We took our time to explore a few and admire the views along the rivers as we crossed over. About a kilometre from the trail at Tamdhu station is Knockando Woolmill. We paid a visit for coffee and cake (they don’t do sandwiches).

The restored old mill (1784) with a waterwheel, spinning and weaving machinery was a fascinating addition to the day.

Ballindalloch is very small and our accommodation was farther away from the trail than most but was handily situated for our Tomintoul spur. The taxi chat was an interesting start to the day and we then set off to walk back to Ballindalloch.

This option adds a hillier day to the itinerary and we very much enjoyed it. Most of the walk is across moorland with sections of woodland in between. The views from Carn Daimh are impressive. It was a bit too windy for us to spend long admiring them and we quickly dropped from the summit towards the Glenlivet distillery.

We paid a visit to the lounge bar at the distillery where they have a huge range of whiskies on offer but we opted for coffee. The weather having taken a turn for the worse we headed out across the moors and Hill of Deskie to return to Ballindalloch. The weather did not seem to bother the deer that we could see running across the open ground to the side of us.

A whisky at the bar in our accommodation now felt well earned.

Having completed both of our side excursions we followed the Spey valley for the final two days. Firstly to Grantown-on-Spey and then on to Aviemore.

Most of the route between Ballindalloch and Grantown-on-Spey is away from the river. You climb up and drop down a few times through fields and woodland, some of these are steep but none are very long.

The path is varied with some sections rougher underfoot and others on wide forest tracks. Once you have descended to Cromdale the walk to Grantown is pretty flat.

You cross the river Spey near a pretty little church and the final section of the day is mostly through woodland. This special community woodland is a home to capercaillie. We didn’t see or hear any as we passed through.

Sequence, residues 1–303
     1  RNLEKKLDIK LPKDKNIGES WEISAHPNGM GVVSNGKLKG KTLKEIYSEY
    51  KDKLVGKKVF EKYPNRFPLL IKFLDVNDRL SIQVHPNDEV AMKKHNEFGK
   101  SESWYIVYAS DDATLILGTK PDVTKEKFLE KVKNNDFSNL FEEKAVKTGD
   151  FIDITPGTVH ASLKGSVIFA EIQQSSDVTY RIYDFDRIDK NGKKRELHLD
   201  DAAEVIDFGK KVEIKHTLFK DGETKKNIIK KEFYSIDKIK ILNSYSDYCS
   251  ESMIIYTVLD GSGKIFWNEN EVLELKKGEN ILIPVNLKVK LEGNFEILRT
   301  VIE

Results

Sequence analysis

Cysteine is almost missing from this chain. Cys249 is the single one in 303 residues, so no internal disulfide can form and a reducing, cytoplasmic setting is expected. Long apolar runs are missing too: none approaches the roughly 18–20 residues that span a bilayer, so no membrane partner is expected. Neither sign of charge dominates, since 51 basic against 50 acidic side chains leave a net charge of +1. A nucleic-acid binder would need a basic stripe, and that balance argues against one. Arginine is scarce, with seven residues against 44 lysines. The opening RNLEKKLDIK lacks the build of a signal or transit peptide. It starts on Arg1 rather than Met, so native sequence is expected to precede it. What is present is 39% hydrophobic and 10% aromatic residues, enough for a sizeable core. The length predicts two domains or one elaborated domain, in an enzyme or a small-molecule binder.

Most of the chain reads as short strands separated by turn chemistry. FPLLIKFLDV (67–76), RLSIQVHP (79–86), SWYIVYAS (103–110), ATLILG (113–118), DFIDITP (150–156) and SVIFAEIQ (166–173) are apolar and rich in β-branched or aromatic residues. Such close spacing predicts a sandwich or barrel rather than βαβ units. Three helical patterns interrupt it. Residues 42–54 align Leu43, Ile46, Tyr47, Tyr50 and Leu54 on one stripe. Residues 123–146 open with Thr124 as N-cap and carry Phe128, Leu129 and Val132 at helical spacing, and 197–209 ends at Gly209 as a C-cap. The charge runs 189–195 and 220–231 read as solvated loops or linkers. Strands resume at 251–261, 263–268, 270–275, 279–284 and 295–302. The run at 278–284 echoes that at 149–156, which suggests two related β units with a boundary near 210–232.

Having seen us off with a cracking breakfast, Mike had some whisky with his porridge. We left our hosts at Grantown-on-Spey for the last leg of our adventure. Initially near to the river the trail on this section is easy going with a lot of the distance on well formed tracks. We started another day of great bridges with the Old Spey Bridge built in 1734 followed by the bridges at Nethy Bridge which are a tourist attraction in themselves.

We stopped for a drink at Boat of Garten before the beautiful walk to Aviemore with it’s stunning Caingorm views and passing steam trains. If you did not wish to walk this section you could take a trip on one of the trains if the timetable works for you. We were happy to walk and soak up the views on this final section of our trail.

The Speyside Way is a varied trail from the fabulous Moray coast through fields, woodland and moorland with stunning mountain views as you head into the Cairngorms National Park. The river Spey is a link to all these elements which although not always by your side is at other times viewed in the valley, glimpsed through trees or crossed on bridges old and new. We saw a real mixture of wildlife with other birds and animals around that we just weren’t lucky enough to catch. If you want a Scottish adventure that touches the sea and mountains to the east, this may just be the walk for you.


For more information on the Speyside Way email us [email protected]. or to speak to Sue or any of our walking holiday experts, call 017687 72335